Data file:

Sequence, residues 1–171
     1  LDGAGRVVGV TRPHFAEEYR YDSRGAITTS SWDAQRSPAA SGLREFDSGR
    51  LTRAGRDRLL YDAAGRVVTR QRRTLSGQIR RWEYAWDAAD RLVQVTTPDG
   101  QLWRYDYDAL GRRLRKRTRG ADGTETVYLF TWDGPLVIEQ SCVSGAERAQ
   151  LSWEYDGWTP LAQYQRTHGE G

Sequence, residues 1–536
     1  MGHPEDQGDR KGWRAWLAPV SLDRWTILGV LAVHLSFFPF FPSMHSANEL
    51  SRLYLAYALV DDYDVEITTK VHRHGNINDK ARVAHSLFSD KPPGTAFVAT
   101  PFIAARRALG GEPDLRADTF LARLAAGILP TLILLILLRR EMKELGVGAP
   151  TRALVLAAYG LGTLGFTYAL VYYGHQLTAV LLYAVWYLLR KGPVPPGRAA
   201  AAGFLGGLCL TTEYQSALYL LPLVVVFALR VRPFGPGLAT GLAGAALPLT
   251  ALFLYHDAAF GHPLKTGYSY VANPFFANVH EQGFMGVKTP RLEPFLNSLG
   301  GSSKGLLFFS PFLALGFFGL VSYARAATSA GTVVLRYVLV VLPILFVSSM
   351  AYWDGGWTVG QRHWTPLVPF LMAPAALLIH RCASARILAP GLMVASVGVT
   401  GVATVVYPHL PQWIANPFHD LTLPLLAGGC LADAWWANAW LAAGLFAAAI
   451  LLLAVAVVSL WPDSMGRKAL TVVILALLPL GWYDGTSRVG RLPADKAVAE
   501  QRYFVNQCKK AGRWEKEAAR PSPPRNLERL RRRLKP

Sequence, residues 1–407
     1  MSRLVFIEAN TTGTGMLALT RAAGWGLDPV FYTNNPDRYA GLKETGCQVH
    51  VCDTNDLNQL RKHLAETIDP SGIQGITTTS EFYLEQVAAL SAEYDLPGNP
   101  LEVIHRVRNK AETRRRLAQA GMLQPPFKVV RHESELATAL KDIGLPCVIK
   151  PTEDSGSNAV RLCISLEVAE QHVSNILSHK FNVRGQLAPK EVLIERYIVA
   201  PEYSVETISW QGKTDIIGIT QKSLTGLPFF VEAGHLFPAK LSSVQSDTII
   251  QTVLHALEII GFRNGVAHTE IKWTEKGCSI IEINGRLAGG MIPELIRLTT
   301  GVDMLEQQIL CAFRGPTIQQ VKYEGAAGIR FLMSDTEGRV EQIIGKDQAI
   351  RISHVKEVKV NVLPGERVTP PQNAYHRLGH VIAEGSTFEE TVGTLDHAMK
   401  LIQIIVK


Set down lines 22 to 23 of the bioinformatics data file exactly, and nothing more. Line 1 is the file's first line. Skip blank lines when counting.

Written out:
   151  PTEDSGSNAV RLCISLEVAE QHVSNILSHK FNVRGQLAPK EVLIERYIVA
   201  PEYSVETISW QGKTDIIGIT QKSLTGLPFF VEAGHLFPAK LSSVQSDTII